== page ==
Emmanuel, God is with us

  • Written by BRO. CLIFFORD T. SORITA
  • Published in Opinion
  • Read: 246

TODAY marks the start of our SIMBANG GABI or MISA DE GALLO (the Spanish phrase is used to refer to
midnight masses, more literally translated as “Rooster’s Mass”) in this season of Advent it symbolizes
our 9-Day (novena) preparation for Christmas.  Waking up early in the morning for nine straight days
denotes our keenness in the birth of Christ manifested through this act of vigilance and prayer.

“Behold, the virgin shall be with child and bear a son, and they shall name him Emmanuel,
which means God is with us” (Matthew 1: 23).  Indeed, the life and ministry of Christ was an
embodiment of the name bestowed upon him.  Jesus becoming man was primarily God’s work.  While he was
truly human through his birth from Mary, he was truly the Son of God through the Holy Spirit. And,
that through him, God’s love and presence shall be felt for all ages.
What’s in the name? Our identity and sense of dignity is what’s in our names!  We are known,
recognized and acknowledged by our family, friends and peers by the names we possess.  And, it is
often said that the etymology of our names is a clear manifestation of our character.  Our parents
would even select a second name derived from a popular saint or angel that would serve as our guides
in life.  
We value our “family’s name” and would never allow anyone to tarnish its good reputation for
somehow it represents a long-standing tradition and sense of worth.  But if we value our names so
much, why can’t we value the same name given to us at baptism?  Remember … the name called
“Christians”?  We are indeed Christians by name but are we as such in our words and deeds?
If we are true Christians, we are also “Emmanuel”; God is with us, for we have become God’s
loving presence amidst people.  In his book, “Life’s Work”, Francis Kong shares this beautiful story
of authentic Christianity: A small-orphaned boy lived with his grandmother. One night, their house
caught fire. While trying to rescue the little boy who was sleeping upstairs, the grandmother died in
the smoke and flames. A crowd gathered around the burning house, where the boy’s cries for help could
be heard above the blaze. No one knew what to do.
Suddenly, a man rushed from the crowd and circled to the back where he spotted an iron pipe
that reached an upstairs window. He disappeared for a minute, and then reappeared with the boy in his
arms. Amid the cheers of the crowd, he climbed down the hot pipe as the boy held on to his neck. Weeks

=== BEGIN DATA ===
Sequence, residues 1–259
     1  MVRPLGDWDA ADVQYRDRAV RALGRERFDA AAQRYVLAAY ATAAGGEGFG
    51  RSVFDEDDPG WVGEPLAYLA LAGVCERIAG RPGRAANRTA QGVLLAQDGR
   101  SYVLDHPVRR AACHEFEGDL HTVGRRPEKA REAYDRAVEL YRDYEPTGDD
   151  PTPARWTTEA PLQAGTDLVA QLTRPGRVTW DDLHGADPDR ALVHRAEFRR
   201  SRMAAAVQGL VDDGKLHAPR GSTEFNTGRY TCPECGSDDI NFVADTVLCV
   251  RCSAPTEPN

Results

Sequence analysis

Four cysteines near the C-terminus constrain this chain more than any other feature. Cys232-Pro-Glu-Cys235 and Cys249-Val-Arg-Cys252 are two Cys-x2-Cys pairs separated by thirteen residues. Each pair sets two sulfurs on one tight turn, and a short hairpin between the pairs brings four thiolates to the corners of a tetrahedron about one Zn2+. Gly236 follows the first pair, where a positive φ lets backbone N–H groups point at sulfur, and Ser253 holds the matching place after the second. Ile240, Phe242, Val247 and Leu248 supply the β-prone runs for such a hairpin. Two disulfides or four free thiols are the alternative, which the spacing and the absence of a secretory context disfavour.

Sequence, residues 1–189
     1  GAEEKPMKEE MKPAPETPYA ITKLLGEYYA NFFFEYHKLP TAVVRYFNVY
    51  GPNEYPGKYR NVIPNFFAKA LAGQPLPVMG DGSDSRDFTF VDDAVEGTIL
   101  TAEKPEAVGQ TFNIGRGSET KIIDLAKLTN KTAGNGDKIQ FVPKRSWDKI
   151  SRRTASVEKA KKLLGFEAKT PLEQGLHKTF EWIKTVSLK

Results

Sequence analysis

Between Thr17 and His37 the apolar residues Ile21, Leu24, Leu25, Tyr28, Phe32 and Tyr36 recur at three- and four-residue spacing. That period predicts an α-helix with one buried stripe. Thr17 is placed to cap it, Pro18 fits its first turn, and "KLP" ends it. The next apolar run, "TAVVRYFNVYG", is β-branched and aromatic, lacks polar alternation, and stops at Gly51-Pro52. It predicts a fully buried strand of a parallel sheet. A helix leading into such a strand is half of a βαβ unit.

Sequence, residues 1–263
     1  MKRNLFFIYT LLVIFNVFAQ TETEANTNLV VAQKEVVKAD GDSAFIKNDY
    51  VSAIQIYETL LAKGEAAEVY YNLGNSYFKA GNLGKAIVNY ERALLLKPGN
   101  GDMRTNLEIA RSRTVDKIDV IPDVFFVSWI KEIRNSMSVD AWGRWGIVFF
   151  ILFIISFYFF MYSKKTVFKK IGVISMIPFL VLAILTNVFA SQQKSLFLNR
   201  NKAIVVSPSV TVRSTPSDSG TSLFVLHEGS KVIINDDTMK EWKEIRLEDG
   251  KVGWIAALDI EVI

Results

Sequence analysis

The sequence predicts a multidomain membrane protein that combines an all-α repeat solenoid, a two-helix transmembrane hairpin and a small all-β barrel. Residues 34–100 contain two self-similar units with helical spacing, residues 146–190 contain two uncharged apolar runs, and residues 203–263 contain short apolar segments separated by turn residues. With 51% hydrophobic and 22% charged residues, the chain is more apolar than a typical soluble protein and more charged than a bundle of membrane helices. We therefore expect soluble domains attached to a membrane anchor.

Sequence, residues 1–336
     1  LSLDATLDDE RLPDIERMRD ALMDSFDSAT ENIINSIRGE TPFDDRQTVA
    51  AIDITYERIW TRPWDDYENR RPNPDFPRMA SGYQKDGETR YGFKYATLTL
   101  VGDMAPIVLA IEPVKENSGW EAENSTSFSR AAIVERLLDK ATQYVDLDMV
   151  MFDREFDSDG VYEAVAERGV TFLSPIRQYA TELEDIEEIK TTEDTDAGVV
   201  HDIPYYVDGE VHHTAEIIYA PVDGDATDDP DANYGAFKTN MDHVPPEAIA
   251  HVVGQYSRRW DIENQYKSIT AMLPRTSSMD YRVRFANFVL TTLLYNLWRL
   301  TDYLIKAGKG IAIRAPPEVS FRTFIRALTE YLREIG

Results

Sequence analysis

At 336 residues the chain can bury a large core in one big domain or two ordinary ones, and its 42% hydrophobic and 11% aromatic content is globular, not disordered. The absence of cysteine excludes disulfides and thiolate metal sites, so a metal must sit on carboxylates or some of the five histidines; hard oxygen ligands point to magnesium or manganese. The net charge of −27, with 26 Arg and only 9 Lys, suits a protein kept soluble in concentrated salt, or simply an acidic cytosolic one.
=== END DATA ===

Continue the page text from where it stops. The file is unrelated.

after, a public hearing was held in the town hall to determine in whose custody the boy would be
places. Since no relative was left to take care of the boy, city legislation requires that the boy be
given up for adoption only to highly qualified persons. Each person interested in adopting the boy was
allowed to speak briefly.
One man said, “I have a big farm. Everybody needs the out-of-doors.” Another boasted of his
work: “I’m a teacher. I have a large library. He would get a good education.” The richest man in the
community spoke last and topped it all with, “I could give the boy everything mentioned tonight. The
farm, education and more, including money and travel. I’d like him in my home.” When the chairman
asked if anyone else wanted to say anything before he closed the session, a stranger rose from the
back. As he walked toward the front, deep suffering showed on his face. Once in front, he stood
directly in front of the little boy. Slowly, the stranger removed his hands from his pockets. The
crowed gasped and when he looked up, so did the little boy.
The man’s hands were terribly scarred. Suddenly, the boy gave out a cry of recognition -- this
was the man who saved his life. His hands were scarred from climbing up and down the hot pipe. The boy
leaped up, threw himself around the stranger, and held on for life. The farmer rose and left. So did
the teacher. Then the rich man. The stranger had won the boy without a word. His hands spoke more
effectively than any words could have.
Our day-to-day lives should be an awakening to the true nature of our names as Christians.  
Will our acts of faith (e.g. the masses we attend; the Christian celebrations we indulge in, the
prayers we do, etc.) prompt an active response in us?  Will it bring us closer to God, to the members
of our family, to our neighbors, to the people with whom we meet each day?  And, will they feel
through us, an awakened conscience, and Jesus’ message of peace, humility and forgiveness?
Announcement: If you are unable to physically attend our traditional Simbang Gabi masses due
to certain limitations in your schedule or due to your present health condition, you may opt to listen
to an on-air broadcast of this 9-Day Misa De Gallo aired over DZRV Radio Veritas (846 am) every 9 p.m.
(from December 15-23) and 5 a.m. (from December 16-24); a simultaneous Facebook Live video feed will
likewise complement this radio broadcast.

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